The possible involvement of welding torches in two recent large commercial fires reinforces the need for contractors, developers and building owners to make sure hot work permit and safety procedures are followed consistently.
While the source remains under investigation, a torch-related accident is suspected in a San Francisco fire that damaged an apartment complex and nearby buildings. As well, in Louisiana, a boat was destroyed by an accident attributed to a welding torch.
Welding, cutting and using a torch are to blame for about 6% of fires at industrial properties, according to the National Fire Protection Association. Errant sparks, hot slag and flames can ignite combustible and flammable items. The NFPA reports that 76% of hot work fires are the result of the close proximity of the work to materials such as wood, paper, cloth and plastic.
Before hotwork is performed, building owners and managers should ensure contractors follow these practices:
- Clear the work area of any combustibles within at minimum a 35 ft. radius and areas/floors below. The area may be greater depending upon prevailing environmental conditions (ie: wind)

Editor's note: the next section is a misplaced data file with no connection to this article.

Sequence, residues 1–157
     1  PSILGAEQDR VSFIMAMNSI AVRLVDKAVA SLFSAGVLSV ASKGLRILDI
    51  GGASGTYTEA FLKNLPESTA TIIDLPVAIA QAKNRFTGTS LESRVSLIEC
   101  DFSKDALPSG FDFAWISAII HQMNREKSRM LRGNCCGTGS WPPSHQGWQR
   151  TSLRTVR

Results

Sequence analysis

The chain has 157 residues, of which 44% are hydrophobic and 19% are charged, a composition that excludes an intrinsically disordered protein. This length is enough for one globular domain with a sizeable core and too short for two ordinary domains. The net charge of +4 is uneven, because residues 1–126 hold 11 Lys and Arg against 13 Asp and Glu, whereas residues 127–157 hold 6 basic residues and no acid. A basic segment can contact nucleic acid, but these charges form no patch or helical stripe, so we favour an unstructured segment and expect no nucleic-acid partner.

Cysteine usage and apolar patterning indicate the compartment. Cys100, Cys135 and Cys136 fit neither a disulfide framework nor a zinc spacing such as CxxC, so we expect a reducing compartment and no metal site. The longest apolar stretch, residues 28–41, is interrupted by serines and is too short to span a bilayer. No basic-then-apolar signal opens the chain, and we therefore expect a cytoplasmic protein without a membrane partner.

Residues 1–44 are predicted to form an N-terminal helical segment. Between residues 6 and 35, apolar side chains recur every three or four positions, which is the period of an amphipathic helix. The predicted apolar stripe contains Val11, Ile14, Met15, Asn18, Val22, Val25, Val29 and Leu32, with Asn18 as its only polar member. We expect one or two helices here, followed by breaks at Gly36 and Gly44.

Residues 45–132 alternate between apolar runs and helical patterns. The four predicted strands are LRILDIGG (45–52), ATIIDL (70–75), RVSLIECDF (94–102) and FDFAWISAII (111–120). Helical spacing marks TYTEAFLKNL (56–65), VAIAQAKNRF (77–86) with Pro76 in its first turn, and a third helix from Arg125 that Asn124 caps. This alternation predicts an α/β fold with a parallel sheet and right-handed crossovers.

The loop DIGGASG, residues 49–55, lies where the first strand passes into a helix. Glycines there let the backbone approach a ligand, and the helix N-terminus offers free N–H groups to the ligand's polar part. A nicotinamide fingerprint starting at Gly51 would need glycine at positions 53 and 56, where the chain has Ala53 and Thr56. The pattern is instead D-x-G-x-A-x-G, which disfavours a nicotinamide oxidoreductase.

- If the building uses wood framing or combustible materials that cannot be removed, work areas should be shielded with fire-resistant mats, blankets, or metal shielding.
- Any wood floors should be covered with wet sand or fire resistant mats.
- Fire extinguishers and hose reels (if water is available) should be placed near hot work.
While work is underway, a fire watch team should be observing to make sure sparks are not hitting wood or unprotected areas. A watch should be instituted after work is done and remain in place -with periodic checks- for up to 3.5 hours.
The overall responsibility for reducing hot work risks may depend on whether it is an owner/developer managed, or contractor managed project, but in most situations, the general contractor will bear primary responsibility for hot work safety while the project remains under their care, custody or control.
OSHA offers a wide range of hot work information, including and specific regulations and recommendation. NFPA 51B can also provide information on minimum requirements of a Hot Work Program.
Matt Klemmensen is a property and casualty risk engineer with Chubb Risk Engineering Services.